When I took the solemn step of ripping the plastic overwrap off my Blu-Ray of Kyousougiga, once more collapsing the dizzying sweep of "things I could watch" into a single like-it-or-not choice, it was getting late in the "quarter" now closed. Rather than having to wrap up my then-upcoming summary of anime watched in those three months finding something to say about a mere waypoint in a longer series, I'd wanted to get all the way through something short. Out of what twelve-to-thirteen-episode series were ready to hand, I suppose what had got my attention about Kyousougiga in the first place had been the interest I'd seen at least a few other people show when Discotek had pulled that series out of the "not licensed over here" cracks that can still catch some newer anime. The company has made a go of releasing older anime with some show of care and skill, some of which I've watched with interest (even as I keep supposing I like not just "older anime" but being able to go back and forth between it and brand-new shows), and I was willing to suppose there had to be something about a newer series they'd also release. At the same time, though, I was aware I couldn't quite give a clear, attention-getting short summary of the show itself starting off.

On loading the first Blu-Ray, I found myself looking at a menu with "ONA Episodes, zero to five" and "TV episodes, zero to five," and wondered for a few moments just how the two groups related to each other. With the "Original Net Animations" listed first, I wound up supposing it would be best to start there. For some reason I never quite set down, though, I'd managed to form the theory the "TV episodes" would amount to the ONAs combined with little other change than new openings and closings, and it would be the ONAs that would continue on the second disc in the case.

"Episode Zero" threw a lot of things at me fast, with the eternal figure of a teenaged schoolgirl (named Koto in this series) rampaging across the rooftops of an old-fashioned city with a huge, rickety-looking tower at its centre, wielding a strange sledgehammer with bright-coloured balls (other bright shapes just drifted through the air) embedded in a clear mallet head. Other eccentric figures either tried to interfere or just commented on the mayhem, and it was more from the back of the case than anything else that I gathered most of them were somehow a family. After all of that, I moved on to the following ONA episodes, noting they were shorter than "TV size," but still not quite fitting things together in their takes on the assorted characters (although I did manage to pick up a few Alice in Wonderland allusions). I have to admit that having just finished Hyouka, which seemed to reward close study and contemplation, a second series with its own apparent take on "sort it out yourself" just seemed to feel to a bit much.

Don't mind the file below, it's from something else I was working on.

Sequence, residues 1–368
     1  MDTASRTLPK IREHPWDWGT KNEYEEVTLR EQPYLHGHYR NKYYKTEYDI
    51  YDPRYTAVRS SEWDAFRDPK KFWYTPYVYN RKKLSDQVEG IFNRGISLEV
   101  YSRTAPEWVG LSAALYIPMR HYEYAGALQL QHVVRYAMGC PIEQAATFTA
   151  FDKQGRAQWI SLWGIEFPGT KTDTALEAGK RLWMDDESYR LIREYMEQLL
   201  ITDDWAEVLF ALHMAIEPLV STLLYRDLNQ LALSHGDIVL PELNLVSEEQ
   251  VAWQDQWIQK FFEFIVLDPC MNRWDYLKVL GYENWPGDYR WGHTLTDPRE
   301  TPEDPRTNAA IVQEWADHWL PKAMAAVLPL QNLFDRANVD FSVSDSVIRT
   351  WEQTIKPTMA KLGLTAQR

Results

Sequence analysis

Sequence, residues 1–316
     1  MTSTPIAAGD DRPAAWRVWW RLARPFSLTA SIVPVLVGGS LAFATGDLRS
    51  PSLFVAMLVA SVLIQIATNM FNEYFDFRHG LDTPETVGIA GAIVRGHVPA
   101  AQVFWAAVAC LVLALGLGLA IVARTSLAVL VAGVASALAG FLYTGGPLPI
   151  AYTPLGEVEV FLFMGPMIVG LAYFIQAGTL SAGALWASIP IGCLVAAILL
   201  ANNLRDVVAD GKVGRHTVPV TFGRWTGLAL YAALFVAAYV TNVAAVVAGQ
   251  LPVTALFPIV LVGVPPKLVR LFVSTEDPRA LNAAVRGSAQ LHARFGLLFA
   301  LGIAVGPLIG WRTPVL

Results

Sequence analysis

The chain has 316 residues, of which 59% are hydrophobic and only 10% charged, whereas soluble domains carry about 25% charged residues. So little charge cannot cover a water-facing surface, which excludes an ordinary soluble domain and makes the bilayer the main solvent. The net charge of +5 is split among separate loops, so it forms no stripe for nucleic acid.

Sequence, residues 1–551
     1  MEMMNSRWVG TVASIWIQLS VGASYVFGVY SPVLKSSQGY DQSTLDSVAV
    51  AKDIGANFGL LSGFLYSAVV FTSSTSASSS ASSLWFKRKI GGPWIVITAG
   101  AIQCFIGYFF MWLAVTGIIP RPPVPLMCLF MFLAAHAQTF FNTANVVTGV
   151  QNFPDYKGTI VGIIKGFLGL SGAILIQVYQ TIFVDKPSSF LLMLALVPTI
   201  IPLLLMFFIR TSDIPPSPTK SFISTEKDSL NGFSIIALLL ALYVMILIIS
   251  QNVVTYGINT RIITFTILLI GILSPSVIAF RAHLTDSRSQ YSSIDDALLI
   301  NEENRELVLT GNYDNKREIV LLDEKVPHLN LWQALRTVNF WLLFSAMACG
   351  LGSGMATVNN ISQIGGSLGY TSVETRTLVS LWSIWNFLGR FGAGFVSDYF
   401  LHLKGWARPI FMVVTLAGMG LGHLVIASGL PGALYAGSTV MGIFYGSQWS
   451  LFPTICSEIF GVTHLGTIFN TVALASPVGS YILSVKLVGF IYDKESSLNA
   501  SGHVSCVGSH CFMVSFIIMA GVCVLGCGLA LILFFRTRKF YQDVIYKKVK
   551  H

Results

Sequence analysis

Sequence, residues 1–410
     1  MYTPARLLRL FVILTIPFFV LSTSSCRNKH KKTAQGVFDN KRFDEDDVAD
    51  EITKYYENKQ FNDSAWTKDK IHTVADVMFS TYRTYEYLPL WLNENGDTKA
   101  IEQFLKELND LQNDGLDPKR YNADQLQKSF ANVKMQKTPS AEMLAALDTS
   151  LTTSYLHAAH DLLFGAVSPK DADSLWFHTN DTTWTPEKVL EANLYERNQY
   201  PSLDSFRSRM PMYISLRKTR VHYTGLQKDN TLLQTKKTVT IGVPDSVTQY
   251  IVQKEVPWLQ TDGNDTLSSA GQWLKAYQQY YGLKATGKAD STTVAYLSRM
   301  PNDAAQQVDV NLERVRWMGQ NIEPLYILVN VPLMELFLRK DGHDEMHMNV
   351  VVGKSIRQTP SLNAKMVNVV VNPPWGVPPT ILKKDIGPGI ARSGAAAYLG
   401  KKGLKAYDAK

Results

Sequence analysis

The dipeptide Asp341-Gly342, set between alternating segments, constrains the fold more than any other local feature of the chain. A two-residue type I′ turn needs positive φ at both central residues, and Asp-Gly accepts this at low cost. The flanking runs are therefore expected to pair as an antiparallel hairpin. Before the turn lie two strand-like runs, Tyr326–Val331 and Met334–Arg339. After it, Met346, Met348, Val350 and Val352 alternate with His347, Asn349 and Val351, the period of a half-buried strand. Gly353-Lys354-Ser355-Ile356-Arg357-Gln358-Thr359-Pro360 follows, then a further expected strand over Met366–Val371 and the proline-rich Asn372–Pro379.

Plugging on to the end of the ONAs on that first disc, though, I did start to think the characters were becoming a bit more familiar and there was a bit of space to breathe among the action. On finishing them, I loaded the second disc, only to realise it was the TV episodes that continued on it. By now, there weren't enough days left in the month to watch all of them at a pace I'm accustomed to. I did, however, find a few things even shorter to watch and finish in that time.

As I finished my quarterly review, I did get to remembering Kyousougiga was open, and it did seem as good a time as any to watch its TV episodes. Their own "Episode Zero" seemed just the same as what I'd remembered (and I'd noticed a mild caution about starting there in an online piece I'd taken a chance on following up on, just to have a bit more to mention in my previous summary). From then on, though, all of a sudden the characters and their odd world or worlds were being linked together by backstory, material added around the ONA footage I'd puzzled over before. The "family story" and Koto's role in it (although a "girl mad scientist" who'd also caught my attention before now seemed the most major character not a part of the family) really was adding up to something interesting, although some of the characters did have more significant roles than others, with the reasons why established. I did take an odd interest in just how far into the series I could get while still noticing striking moments from the ONAs now surrounded by context; the final crisis and resolution was all-original, though.

While not everything odd or eye-catching about Kyousougiga was explained in the series itself, that might still have offered an invigorating reminiscence of "the days when anime was an overwhelming artifact from elsewhere." If "taking another look at something after a while" can be rewarding, I suppose Kyousougiga's own particular way of adding to itself provides a way to cram this into a space of unusual brevity, and made it more memorable for me. Of course, should anyone else just go ahead and start with the TV episodes I can't criticise that choice.